February 19, 2010, - 4:01 pm

Weekend Box Office: Lackluster “Shutter Island,” Revisionist “Blood Done Sign My Name”

By Debbie Schlussel

I wasn’t crazy about either of the two new releases at the box office, this weekend, but if you must go, the so-so “Shutter Island” is okay (for adults only).  Here are my reviews:


*  “Shutter Island“:  I have mixed feelings about this one.  It isn’t my favorite Martin Scorsese film (“The Departed” is–read my review).  It was okay–decent, but not great.  For what it is supposed to be–a psychological thriller, I suppose it’s good, in that it accomplishes its goal.  It was long, somewhat boring, and mostly a giant trick played on you that, if you’re smart, you’ll figure out (or, at least, have an inkling of it) by half-time.  Yup, it’s a set-up.  And if you figure it out, then it’s a waste of time.

Plus, I definitely could have done without the constant moral equivalency dialogue, implying that the U.S. government is testing mental patients and doing Mengele-style experiments on their brains “just like the Nazis and the Soviet gulags.”  Come on.  Even in this completely non-political thriller (that wasn’t that thrilling), they couldn’t resist in trying to make it political.  Plus the flashback scenes of Leonardo DiCaprio liberating Dachau and ice-sculpture trees of dead Jewish bodies was cinematic Holocaust-porn that had no place here.  At two hours and 19 minutes, this movie could have been trimmed . . . a lot.

That said, I can’t say that–despite all my complaints–it isn’t an entertaining movie.  It is . . . somewhat.  And even though I was very tired and the movie was long, it was entertaining enough and well-told to the point that I managed to be completely engaged the entire time.   The acting was great on all fronts.  So was the cinematography.  It was beautifully shot and masterfully directed.  At first, I found the repeated flashbacks and visions distracting, but later, they are important to the plot.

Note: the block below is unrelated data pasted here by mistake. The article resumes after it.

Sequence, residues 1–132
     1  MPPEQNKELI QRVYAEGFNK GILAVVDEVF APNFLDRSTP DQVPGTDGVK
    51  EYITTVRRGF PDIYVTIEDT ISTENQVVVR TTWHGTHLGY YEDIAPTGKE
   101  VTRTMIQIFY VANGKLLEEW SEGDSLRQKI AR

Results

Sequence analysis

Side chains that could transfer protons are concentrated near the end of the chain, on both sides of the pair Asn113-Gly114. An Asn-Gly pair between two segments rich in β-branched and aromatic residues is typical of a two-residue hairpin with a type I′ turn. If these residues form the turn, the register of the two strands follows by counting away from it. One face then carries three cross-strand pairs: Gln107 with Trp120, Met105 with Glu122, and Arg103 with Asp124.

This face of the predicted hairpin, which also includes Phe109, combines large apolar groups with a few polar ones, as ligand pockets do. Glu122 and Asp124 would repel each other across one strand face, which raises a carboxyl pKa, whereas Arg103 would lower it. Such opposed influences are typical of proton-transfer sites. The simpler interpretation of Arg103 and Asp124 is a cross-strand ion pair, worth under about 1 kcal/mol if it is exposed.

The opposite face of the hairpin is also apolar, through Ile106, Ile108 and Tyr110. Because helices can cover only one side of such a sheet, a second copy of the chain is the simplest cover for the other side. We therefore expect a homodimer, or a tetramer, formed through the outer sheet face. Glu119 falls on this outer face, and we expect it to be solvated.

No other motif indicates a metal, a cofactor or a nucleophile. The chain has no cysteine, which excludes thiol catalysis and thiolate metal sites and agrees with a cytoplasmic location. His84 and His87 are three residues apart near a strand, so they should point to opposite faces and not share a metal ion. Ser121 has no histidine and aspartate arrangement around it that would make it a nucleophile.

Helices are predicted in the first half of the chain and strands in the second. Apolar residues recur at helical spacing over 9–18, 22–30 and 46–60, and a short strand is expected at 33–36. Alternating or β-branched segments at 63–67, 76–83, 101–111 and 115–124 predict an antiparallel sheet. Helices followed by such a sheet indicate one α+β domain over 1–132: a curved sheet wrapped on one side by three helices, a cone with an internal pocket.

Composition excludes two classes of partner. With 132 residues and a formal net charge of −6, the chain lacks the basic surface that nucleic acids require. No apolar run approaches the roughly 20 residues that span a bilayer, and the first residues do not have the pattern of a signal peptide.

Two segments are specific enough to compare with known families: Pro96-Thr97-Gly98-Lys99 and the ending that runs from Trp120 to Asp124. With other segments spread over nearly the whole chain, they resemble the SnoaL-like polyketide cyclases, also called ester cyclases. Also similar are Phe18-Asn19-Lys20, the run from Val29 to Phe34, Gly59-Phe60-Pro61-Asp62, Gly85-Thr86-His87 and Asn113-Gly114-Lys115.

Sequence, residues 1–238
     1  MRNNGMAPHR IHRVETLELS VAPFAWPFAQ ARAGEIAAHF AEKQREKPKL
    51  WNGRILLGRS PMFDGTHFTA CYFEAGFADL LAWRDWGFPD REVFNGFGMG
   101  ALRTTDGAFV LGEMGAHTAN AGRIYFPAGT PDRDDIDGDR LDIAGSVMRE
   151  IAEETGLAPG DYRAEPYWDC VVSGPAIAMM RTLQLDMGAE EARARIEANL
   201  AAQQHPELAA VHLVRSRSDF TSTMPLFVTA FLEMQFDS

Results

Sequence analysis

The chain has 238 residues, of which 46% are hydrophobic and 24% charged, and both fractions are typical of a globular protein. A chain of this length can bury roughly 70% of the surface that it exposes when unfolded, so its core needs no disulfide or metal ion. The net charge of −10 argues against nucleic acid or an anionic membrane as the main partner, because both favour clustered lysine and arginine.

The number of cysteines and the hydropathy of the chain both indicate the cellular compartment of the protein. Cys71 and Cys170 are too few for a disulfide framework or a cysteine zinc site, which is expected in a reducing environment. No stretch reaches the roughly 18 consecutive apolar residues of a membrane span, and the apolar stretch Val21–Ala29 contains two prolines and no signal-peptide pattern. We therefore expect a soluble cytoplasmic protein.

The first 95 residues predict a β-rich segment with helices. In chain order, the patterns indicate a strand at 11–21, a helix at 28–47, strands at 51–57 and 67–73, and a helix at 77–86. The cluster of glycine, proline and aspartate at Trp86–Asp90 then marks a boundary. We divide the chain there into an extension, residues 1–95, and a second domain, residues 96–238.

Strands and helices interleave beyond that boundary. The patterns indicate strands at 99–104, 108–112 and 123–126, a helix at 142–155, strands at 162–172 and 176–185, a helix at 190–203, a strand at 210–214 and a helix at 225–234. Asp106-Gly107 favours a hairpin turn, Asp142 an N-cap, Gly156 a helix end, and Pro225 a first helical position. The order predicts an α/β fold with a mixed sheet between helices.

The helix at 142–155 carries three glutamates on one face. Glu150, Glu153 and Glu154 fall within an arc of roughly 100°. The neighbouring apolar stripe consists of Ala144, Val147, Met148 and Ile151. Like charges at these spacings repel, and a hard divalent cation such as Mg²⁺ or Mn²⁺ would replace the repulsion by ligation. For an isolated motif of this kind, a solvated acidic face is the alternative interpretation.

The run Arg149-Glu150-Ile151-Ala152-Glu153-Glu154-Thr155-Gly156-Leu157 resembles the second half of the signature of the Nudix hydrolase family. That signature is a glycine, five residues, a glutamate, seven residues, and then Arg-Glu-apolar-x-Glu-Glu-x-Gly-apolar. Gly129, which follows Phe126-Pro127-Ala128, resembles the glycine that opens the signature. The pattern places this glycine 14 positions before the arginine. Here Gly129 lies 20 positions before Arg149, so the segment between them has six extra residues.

DiCaprio and Mark Ruffalo play U.S. Marshals sent to an island which houses a mental institution for the criminally insane–murderers who are so bad, no normal mental facility can handle them.  The institution is headed by Ben Kingsley–very good in this role–and the second in command is a German doctor played by the talented Max Von Sydow, who is great here.  It is the 1950s, and DiCaprio and Ruffalo arrive at Shutter Island to investigate the disappearance of a female patient who murdered her children.  And, while the staff and patients of the hospital give little help in the investigation, the two Marshals spend several nights stuck there because of horrible weather, some of it exploring the island and its “C Unit,” which houses the worst of the worst.   DiCaprio is a veteran of World War II who liberated Dachau and can’t get it out of his head.  His wife died in a fire set by an arsonist.